It SHOULD be quite literal, I'm just wondering if it is. If it says OS to 88/96 and it's actually OSing to 192, then that's a problem that needs sorting.

I see what you mean about displaying actual project sample rates, which may be clearer in some circumstances (not mine, as I said, I always work at 96k), but then Reaper should know what sample rate it's currently set to, and give you the correct options. IMO there shouldn't be an option to OS to a rate that you are currently at, along with "No oversampling", as it just adds confusion, hence this post.

I guess ideally it would display OS multiplier AND OS sample rate, correctly.
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Old 06-09-2024, 07:31 AM   #4
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Quote:
Originally Posted by Hermetech Mastering View Post
IMO there shouldn't be an option to OS to a rate that you are currently at, along with "No oversampling", as it just adds confusion, hence this post.

I guess ideally it would display OS multiplier AND OS sample rate, correctly.
Well, in theory one could set it to the current sample rate and then if they later lower the project sample rate, the oversampling would kick in and keep that plugin at the original rate. I don't think that's a common scenario, but theoretically possible

I personally don't find it confusing, because it's worded in literal terms. But you're right, ideally it would probably display both the target sample rate and the current effective multiplier.
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Old 06-09-2024, 07:33 AM   #5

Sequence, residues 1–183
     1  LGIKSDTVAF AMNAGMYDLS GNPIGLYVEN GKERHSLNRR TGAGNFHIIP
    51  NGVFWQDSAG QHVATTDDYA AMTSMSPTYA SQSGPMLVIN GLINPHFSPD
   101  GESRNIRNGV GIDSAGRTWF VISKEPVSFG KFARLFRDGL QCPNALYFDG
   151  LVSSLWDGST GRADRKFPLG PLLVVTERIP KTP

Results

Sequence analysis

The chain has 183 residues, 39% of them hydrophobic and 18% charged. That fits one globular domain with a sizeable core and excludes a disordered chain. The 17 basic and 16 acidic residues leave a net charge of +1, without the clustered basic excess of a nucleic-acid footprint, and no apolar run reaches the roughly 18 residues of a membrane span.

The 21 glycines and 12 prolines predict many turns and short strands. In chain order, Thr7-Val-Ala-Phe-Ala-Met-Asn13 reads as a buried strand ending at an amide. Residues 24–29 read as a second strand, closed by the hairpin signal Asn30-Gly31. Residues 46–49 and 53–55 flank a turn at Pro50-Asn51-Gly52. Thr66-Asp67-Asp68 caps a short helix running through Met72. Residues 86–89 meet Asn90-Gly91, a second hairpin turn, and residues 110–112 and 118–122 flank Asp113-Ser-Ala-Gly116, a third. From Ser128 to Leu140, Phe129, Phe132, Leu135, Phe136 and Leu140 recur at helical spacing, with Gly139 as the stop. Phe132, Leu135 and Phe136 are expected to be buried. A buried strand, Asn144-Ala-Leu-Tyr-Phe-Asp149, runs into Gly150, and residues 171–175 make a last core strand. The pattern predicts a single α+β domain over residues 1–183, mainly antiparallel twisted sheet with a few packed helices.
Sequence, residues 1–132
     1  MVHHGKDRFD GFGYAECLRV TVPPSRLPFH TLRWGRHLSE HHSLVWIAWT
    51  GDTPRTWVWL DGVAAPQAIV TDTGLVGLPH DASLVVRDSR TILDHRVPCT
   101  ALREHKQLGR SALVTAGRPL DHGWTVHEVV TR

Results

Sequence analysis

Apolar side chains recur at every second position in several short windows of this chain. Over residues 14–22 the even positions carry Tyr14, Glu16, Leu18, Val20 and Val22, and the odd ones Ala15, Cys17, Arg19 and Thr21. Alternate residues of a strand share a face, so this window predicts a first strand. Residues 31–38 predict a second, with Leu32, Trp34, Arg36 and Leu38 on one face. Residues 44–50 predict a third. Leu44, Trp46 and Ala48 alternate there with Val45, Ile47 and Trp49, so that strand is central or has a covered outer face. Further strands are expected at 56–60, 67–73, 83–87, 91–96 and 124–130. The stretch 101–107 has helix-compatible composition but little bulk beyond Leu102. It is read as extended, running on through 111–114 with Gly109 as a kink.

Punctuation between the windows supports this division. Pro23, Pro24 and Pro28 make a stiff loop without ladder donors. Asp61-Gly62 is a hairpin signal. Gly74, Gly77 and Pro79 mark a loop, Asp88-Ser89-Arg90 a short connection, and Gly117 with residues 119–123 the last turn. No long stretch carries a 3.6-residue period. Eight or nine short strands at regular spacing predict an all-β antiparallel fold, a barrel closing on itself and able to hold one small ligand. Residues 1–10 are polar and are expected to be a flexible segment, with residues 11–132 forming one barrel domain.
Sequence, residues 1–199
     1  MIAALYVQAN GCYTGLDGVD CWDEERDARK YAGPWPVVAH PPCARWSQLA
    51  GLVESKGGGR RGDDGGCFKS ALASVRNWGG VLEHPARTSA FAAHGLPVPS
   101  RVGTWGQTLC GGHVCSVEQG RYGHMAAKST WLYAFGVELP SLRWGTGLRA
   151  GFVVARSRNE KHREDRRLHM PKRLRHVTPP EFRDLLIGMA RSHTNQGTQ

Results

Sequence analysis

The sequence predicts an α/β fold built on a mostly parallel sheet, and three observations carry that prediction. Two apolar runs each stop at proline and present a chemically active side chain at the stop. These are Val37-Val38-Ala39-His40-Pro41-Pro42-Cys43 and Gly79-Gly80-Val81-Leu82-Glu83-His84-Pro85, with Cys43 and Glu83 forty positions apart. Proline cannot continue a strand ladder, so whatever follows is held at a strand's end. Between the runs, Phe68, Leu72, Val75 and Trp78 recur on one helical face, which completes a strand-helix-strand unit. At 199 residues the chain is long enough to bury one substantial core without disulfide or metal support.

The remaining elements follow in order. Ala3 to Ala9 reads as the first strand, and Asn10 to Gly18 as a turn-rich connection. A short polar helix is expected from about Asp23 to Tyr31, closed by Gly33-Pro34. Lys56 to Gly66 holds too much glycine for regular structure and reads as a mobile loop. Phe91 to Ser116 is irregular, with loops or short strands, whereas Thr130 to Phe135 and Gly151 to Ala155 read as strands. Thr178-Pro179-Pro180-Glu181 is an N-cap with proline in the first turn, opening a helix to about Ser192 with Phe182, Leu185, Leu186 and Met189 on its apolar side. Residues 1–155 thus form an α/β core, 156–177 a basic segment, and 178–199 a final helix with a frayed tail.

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It is literal.

If you are working at or above the requested oversampling rate, Reaper does nothing. You're setting the minimum rate you want the plug-in to run at, and Reaper will up-sample to make sure it is at least that rate. Though, it may already be higher depending on the project rate, the chain oversampling, or the individual FX oversampling.

The FX window title bar does show the current multiplier. If you have an FX set to 96k, and you're working at 96k, it shows nothing. But if you then set the oversampling to 192k, it'll show [2x] in the title bar.
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Old 06-09-2024, 07:43 AM   #6
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Quote:
Originally Posted by ScuzzyEye View Post
It is literal.

If you are working at or above the requested oversampling rate, Reaper does nothing. You're setting the minimum rate you want the plug-in to run at, and Reaper will up-sample to make sure it is at least that rate. Though, it may already be higher depending on the project rate, the chain oversampling, or the individual FX oversampling.